Test Day

TIP #5: BRING YOUR PASSPORT!!!! I saw a person come without his passport & he had to leave. Fortunately, he managed to get back in time. The TOEFL test requires identification with a photo, name & signature. Only our Malaysian passport has all three. Our IC is not accepted.
I was in KL for a meeting when I found out about this. I would be taking the test that Sunday & my passport was in Kuching. Fortunately, I received the pre-test phone call on Tuesday & was able to get my passport couriered to me at my hotel.

TIP #6: You want to be early. I arrived at 7.00 am & was #5. You get called in for your test in the order you arrive. You don't want to be doing the Reading test when those who came before you start babbling away loudly for their Speaking test. Imagine if you were #10. You'd have 9 different people yapping away in that confined room while you are trying to read a challenging article.

Before you take the test, you will have to put everything into a locker. EVERYTHING. Watches, pens, wallet, etc. Pockets must be empty. They will scan you with a metal detector before they let you in. You will only bring in your passport & locker key. Pencils & scratch paper are provided next to your computer. The test room resembles a computer lab at a school with cubicles to separate candidates.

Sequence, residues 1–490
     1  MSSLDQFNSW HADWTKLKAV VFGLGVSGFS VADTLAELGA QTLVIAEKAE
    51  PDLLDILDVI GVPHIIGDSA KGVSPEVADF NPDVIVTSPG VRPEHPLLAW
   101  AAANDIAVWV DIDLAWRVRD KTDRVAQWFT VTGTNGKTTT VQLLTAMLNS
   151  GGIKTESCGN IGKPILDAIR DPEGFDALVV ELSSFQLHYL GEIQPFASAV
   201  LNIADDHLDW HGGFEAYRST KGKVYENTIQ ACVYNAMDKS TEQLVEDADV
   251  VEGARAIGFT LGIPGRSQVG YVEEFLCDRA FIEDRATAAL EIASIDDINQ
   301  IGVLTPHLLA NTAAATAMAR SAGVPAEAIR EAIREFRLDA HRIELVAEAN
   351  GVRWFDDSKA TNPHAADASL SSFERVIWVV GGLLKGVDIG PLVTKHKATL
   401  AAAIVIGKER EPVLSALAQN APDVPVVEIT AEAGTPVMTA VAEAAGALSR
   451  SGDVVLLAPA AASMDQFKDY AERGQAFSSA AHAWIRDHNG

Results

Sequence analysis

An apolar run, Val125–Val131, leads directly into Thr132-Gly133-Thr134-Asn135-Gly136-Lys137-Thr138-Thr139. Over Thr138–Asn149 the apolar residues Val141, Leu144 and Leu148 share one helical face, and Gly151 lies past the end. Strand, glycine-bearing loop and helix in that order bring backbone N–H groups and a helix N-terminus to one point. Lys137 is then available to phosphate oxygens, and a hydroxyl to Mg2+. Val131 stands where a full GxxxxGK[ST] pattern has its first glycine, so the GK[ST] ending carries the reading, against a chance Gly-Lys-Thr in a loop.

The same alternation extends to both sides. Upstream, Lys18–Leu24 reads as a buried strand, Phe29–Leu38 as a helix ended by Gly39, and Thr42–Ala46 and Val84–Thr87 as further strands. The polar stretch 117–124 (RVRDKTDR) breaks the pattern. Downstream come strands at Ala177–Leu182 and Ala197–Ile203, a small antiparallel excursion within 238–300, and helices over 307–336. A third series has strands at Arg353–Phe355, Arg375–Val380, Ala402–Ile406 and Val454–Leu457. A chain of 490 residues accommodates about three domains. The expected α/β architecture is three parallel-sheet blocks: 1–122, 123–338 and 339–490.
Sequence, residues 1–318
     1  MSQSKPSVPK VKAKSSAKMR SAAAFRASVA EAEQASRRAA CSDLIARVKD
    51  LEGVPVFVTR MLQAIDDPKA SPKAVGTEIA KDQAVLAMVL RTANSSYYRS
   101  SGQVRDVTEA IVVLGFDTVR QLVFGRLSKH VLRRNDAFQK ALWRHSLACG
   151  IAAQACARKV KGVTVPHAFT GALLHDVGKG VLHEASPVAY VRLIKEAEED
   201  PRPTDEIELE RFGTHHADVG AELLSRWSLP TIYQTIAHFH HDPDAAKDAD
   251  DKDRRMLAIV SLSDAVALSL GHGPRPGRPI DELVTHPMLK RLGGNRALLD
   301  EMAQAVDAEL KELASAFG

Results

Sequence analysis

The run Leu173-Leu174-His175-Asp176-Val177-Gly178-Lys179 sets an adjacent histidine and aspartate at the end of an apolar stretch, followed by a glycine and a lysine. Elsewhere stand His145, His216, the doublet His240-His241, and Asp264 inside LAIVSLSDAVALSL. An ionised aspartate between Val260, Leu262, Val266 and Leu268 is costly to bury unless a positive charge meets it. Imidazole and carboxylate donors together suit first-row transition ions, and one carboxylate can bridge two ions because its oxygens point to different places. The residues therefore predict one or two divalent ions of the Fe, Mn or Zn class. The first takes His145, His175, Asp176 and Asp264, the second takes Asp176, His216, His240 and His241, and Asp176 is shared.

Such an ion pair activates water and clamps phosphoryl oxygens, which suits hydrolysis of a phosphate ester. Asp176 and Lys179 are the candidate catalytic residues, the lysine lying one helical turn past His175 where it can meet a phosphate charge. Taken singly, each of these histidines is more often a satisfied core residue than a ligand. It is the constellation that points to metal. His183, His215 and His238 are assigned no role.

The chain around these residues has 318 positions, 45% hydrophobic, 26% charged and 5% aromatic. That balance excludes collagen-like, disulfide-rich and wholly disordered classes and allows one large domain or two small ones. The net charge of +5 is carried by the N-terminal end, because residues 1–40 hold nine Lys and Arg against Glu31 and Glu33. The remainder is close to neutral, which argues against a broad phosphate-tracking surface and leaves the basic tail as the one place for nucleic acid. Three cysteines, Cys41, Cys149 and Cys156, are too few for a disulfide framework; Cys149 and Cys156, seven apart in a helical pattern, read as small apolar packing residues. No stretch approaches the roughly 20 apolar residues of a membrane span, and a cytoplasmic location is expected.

Test #1: Reading

The reading test was challenging. NOT a walk in the park. Esp if compared to the Cambridge Placement Test which all teachers in Malaysia were required to take recently. If you have not been reading academic writing regularly, you might want to practise before the test.

It's mostly National Geographic stuff related to cultures & animals. However, I didn't need to study for it. All that I need to know to answer the questions were in the passage. The sentences were challenging because they were written in academic vocabulary & the sentences were long & complex. It was a real test of whether you could survive tertiary reading.

There were multiple choice questions asking for meanings of words/phrases but most were questions which require higher order thinking skills. I was also required to choose the correct sentences to place into a summary of the passage.